In a statement released this morning, President Barack Obama said he has requested that US Environmental Protection Agency (EPA) Administrator Lisa Jackson withdraw the agency’s draft Ozone National Ambient Air Quality Standards (NAAQS) rulemaking.
In January 2010, EPA proposed strengthening the NAAQS for ground-level ozone, the main component of smog, and said it planned to issue final standards by 31 August 2010. (Earlier post.) The proposed revisions were based on scientific evidence about ozone and its effects on people and the environment, and resulted from a reconsideration of the primary and secondary ozone standards set at 0.075 ppm in 2008.
|National Ambient Air Quality Standards (NAAQS)|
|The Clean Air Act (CAA) requires EPA to set National Ambient Air Quality Standards (NAAQS) for wide-spread pollutants from numerous and diverse sources considered harmful to public health and the environment.|
|The Clean Air Act established two types of national air quality standards. Primary standards set limits to protect public health; secondary standards set limits to protect public welfare, including protection against visibility impairment, damage to animals, crops, vegetation, and buildings. The Clean Air Act requires periodic review of the science upon which the standards are based and the standards themselves.|
|EPA has set NAAQS for six principal pollutants (“criteria pollutants”): carbon monoxide (CO); lead (Pb); nitrogen dioxide (NO2); ozone (O3); particulate matter (PM); and sulfur dioxide (SO2).|
In January 2010, EPA proposed strengthening the 8-hour primary ozone standard, designed to protect public health, to a level within the range of 0.060-0.070 parts per million (ppm). EPA also proposed a distinct cumulative, seasonal secondary standard, designed to protect sensitive vegetation and ecosystems, including forests, parks, wildlife refuges and wilderness areas. EPA proposed to set the level of the secondary standard within the range of 7-15 ppm-hours.
In EPA’s analysis of the regulatory impact, the costs of reducing ozone to 0.070 ppm would range from an estimated $19 billion to $25 billion per year in 2020. For a tougher standard of 0.060 ppm, the costs would range from $52 billion to $90 billion.
Offsetting that, the value of mortality benefits and other health improvements of reducing ozone to 0.070 ppm would range from an estimated $13 billion to $37 billion per year in 2020. For a standard of 0.060 ppm, the value of benefits would range from $35 billion to $100 billion.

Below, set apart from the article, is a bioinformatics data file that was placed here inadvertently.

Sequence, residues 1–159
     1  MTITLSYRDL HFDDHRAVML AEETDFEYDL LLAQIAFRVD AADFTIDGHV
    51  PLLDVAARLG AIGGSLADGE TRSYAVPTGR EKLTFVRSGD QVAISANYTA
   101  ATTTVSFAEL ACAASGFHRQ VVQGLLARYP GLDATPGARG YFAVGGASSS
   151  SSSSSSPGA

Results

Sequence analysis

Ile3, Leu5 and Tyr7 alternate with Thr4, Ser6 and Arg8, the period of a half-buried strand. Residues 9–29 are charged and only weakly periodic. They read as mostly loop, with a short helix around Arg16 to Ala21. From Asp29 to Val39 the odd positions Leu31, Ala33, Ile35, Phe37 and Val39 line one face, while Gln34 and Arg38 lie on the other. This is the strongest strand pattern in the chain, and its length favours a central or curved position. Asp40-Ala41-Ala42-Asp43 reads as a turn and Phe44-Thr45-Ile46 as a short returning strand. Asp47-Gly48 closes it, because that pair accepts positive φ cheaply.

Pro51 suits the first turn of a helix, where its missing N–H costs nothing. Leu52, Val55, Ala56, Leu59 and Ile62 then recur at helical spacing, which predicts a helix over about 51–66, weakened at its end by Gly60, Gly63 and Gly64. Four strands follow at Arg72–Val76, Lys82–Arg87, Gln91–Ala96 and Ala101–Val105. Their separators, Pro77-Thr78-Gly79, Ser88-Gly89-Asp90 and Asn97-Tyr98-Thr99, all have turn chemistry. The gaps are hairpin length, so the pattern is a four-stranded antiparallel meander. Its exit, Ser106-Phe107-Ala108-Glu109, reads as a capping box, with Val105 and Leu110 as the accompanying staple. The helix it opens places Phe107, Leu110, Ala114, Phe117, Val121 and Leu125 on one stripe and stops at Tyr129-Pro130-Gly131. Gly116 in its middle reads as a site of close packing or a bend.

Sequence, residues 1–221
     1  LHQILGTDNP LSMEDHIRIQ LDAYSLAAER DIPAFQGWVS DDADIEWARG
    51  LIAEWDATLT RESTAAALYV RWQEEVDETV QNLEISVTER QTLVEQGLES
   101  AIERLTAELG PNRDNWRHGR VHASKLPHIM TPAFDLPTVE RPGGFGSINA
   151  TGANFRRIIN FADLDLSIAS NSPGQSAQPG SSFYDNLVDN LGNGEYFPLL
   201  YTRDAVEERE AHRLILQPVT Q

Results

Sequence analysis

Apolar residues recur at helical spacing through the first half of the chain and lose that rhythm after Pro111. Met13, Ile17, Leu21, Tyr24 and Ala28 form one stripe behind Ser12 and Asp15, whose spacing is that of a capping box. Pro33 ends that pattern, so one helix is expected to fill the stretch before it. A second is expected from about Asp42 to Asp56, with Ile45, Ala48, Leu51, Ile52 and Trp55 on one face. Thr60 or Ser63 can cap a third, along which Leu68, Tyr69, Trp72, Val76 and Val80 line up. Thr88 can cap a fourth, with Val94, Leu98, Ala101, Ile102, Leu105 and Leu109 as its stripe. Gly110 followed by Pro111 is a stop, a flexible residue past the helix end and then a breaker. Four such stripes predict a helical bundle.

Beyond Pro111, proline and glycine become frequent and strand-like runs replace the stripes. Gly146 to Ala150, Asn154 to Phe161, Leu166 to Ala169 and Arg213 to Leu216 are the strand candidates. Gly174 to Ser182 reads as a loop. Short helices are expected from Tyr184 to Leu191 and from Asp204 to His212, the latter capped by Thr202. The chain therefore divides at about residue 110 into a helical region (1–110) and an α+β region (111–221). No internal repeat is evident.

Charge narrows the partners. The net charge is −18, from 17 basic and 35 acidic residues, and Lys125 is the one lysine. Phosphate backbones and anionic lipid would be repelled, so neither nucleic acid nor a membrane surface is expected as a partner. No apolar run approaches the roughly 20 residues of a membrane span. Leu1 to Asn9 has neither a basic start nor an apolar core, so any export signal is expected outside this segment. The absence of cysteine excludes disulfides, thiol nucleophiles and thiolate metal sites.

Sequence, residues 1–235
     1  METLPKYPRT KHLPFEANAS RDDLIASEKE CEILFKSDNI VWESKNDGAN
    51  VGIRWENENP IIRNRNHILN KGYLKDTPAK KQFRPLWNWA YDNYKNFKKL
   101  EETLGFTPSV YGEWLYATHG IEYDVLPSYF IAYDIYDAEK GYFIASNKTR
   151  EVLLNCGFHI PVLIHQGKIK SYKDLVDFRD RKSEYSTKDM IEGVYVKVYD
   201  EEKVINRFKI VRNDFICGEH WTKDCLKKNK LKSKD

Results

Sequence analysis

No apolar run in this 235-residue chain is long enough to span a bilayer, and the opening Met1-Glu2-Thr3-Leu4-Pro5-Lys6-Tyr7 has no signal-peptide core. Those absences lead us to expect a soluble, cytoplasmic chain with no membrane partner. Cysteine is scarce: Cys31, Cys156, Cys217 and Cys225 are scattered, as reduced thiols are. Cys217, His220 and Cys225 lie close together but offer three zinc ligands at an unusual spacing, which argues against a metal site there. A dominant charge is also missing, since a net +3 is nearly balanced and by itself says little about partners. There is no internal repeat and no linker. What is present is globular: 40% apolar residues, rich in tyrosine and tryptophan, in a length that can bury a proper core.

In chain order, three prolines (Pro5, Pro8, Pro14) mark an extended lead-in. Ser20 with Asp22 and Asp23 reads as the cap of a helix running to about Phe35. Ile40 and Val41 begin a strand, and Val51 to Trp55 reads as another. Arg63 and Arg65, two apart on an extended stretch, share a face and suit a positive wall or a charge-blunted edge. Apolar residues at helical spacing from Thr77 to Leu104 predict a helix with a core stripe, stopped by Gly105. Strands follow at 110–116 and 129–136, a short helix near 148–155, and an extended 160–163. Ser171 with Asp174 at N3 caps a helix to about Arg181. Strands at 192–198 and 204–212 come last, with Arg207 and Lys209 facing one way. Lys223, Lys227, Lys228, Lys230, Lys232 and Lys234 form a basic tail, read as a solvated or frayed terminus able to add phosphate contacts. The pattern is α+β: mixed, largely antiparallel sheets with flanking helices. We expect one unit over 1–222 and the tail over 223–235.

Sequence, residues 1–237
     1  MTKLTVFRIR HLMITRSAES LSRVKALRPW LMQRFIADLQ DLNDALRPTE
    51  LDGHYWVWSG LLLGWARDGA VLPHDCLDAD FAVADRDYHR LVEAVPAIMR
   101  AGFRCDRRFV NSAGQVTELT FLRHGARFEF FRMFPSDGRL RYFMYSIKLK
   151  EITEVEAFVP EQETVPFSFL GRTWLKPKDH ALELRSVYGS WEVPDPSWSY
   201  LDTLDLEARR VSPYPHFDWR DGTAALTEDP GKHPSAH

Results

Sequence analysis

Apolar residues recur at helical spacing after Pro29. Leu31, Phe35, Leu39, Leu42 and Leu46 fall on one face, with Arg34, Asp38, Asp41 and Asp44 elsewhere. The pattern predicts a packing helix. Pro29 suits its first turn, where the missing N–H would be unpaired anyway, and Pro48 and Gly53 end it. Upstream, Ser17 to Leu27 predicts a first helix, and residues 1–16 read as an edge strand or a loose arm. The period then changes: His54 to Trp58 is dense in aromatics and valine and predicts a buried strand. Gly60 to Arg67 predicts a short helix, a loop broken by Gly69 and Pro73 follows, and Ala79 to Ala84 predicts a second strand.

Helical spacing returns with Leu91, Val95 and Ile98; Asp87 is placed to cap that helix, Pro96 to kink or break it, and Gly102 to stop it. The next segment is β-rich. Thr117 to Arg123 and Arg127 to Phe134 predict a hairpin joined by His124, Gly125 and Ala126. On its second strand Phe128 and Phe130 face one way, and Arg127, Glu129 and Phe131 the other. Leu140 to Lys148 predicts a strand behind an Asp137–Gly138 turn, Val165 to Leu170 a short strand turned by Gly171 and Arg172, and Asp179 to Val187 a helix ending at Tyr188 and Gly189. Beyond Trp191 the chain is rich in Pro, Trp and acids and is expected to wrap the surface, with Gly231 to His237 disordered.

As part of EPA’s review of the science, Administrator Jackson asked the Clean Air Scientific Advisory Committee (CASAC) in December 2010 for further interpretation of the epidemiological and clinical studies they used to make their recommendations on the standards. To ensure EPA’s decision is grounded in the best science, EPA said it would review the input CASAC provides before the new standard is selected.
In July 2011, Administrator Jackson announced that she was fully committed to finalizing EPA's reconsideration of the Clean Air Act health standard for ground level ozone, and noted that the reconsideration is currently going through interagency review led by OMB (Office of Management and Budget). EPA said it would finalize its recommendation following completion of this final step, bout would not issue the final rule on 29 July, the date the agency had targeted.
Over the last two and half years, my administration, under the leadership of EPA Administrator Lisa Jackson, has taken some of the strongest actions since the enactment of the Clean Air Act four decades ago to protect our environment and the health of our families from air pollution. From reducing mercury and other toxic air pollution from outdated power plants to doubling the fuel efficiency of our cars and trucks, the historic steps we’ve taken will save tens of thousands of lives each year, remove over a billion tons of pollution from our air, and produce hundreds of billions of dollars in benefits for the American people.
At the same time, I have continued to underscore the importance of reducing regulatory burdens and regulatory uncertainty, particularly as our economy continues to recover. With that in mind, and after careful consideration, I have requested that Administrator Jackson withdraw the draft Ozone National Ambient Air Quality Standards at this time. Work is already underway to update a 2006 review of the science that will result in the reconsideration of the ozone standard in 2013. Ultimately, I did not support asking state and local governments to begin implementing a new standard that will soon be reconsidered.—President Obama
Overview of January 2010 proposed revisions to ozone NAAQS